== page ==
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Al Porter - comedy sensation @ Róisín Dubh

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AL PORTER, the Dublin comedian declared "Ireland's ascendant king of camp" by the Irish Independent, returns to the Galway to play the Róisín Dubh this Sunday at 8.30pm as part of the Galway International Arts Festival.

Ten things to look out for in the club championship this weekend

1. Almost everyone in matching kit

May Sunday at Menlo

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Maytime was traditionally considered a time for festivals, and Galway was no exception to this. In fact it used to be said that the citizens had an almost reverential attachment to the old custom of going out to Menlo for three Sundays in May to partake in the pleasure of the open air and the early summer sun. It was known as ‘Maying in Menlo’.

Anything Goes for Galway Music Society

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Galway Musical Society celebrates its thirtieth anniversary in swinging style next week with a staging of the sublime Cole Porter musical, Anything Goes, at the Town Hall.

Cardiff will test Connacht’s mental resolve

Connacht need to change a poor record over Cardiff when they head to the Welsh capital for tomorrow evening’s Guinness Pro 12 fixture.

Thirty nine stories from south Galway

Before the cattle marts took over the selling of livestock and farm produce, that important aspect  of farming took place on fair days. The main street or the square of the town would become a heaving mass of people, animals, carts and stalls. The marts offered a point for disease control, and traceability that eventually became the norm. But before that, to pass through a town on a fair day was to witness  rural Ireland in full flow. Fairs were busy, messy, and lively occasions, and  very much looked forward to by both the shop keeping  and farming communities. There was a May Fair, an August Fair and another around December 8. Not only were animals bought and sold, but friends met, couples exchanged glances; clothes and boots were bought, and glasses of porter sealed a deal.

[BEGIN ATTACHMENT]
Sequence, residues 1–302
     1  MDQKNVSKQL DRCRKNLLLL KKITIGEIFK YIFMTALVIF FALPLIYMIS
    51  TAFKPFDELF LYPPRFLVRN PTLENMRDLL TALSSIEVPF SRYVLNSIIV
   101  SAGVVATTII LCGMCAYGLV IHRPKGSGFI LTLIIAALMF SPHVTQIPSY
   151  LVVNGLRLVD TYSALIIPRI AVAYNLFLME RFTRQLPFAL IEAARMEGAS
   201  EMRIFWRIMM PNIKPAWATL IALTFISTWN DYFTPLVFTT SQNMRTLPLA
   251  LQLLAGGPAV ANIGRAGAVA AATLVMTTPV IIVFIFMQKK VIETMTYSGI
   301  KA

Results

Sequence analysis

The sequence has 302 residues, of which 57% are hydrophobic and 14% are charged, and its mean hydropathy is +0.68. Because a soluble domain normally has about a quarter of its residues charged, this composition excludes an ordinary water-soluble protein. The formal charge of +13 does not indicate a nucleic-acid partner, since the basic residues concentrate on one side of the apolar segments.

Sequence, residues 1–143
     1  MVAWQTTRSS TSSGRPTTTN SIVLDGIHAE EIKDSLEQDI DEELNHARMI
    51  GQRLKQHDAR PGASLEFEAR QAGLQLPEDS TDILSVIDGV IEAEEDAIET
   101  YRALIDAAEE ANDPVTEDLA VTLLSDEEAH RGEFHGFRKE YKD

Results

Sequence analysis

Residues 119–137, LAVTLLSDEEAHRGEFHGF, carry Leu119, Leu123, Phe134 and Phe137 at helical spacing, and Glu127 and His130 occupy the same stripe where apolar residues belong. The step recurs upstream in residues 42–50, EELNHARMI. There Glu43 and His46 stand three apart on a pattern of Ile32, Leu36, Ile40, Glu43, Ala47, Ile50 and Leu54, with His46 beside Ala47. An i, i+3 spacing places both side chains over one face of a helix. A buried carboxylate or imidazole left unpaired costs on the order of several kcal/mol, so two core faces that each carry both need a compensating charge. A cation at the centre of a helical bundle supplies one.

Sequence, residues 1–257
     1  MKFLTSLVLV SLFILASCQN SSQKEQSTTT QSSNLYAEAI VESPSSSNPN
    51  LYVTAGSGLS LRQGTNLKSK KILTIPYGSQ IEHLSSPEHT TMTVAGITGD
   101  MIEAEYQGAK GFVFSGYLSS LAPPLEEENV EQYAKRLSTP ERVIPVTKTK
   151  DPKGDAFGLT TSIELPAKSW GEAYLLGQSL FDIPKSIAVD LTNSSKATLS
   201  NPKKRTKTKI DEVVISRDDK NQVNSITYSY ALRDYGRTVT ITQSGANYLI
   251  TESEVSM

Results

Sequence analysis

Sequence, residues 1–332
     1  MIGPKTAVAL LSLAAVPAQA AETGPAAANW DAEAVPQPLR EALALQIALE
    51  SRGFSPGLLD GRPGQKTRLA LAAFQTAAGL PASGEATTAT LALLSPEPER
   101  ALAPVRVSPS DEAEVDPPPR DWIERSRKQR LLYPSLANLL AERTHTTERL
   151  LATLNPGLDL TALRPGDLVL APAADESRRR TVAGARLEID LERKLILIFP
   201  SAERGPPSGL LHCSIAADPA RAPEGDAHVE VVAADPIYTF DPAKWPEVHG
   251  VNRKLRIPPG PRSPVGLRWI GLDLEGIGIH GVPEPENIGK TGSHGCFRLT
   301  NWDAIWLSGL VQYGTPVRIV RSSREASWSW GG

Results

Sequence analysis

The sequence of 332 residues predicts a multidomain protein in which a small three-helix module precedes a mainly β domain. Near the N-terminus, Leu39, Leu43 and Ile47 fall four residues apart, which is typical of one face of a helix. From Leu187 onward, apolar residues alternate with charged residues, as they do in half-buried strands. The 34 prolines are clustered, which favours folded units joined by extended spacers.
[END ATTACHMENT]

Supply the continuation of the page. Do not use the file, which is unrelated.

Ghosts of Galway’s past

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One of the mysteries of Galway is that curious phrase under the west facing clock on the Galway Camera Shop on William  Street, which says: Dublin Time. The fact that now the clock shows ordinary winter time only adds to the mystery. But not so long ago Galwegians, delighting in the longer days of sunlight than in the east of the country, and displaying an oddity that makes living in Galway a pleasure, set their clocks a full eleven and an half minutes behind Dublin. However, trains had to run to a standardised timetable otherwise transport chaos would ensue. The timetable was set at Dublin time (linked, like the rest of the civilised world, to Greenwich Mean Time), so  as Galwegians hurried to the station they could glance at the clock, and probably have to put on speed (perhaps Galway Time explains why most meetings here are usually 11 minutes late?).

Connacht’s Sportsground to become bastille for Bayonne

Connacht’s unbeaten home record this season is the priority when Pat Lam’s side returns to European rugby on Saturday (5pm).

Connacht’s Sportsground to become bastille for Bayonne

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Connacht’s unbeaten home record this season is the priority when Pat Lam’s side returns to European rugby on Saturday (5pm).

Henshaw and Ah You back to boost Connacht for top six Scarlets visit

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Connacht's internationals have been made available for Saturday's Pro 12 fixture against Scarlets at the Galway Sportsground.

 

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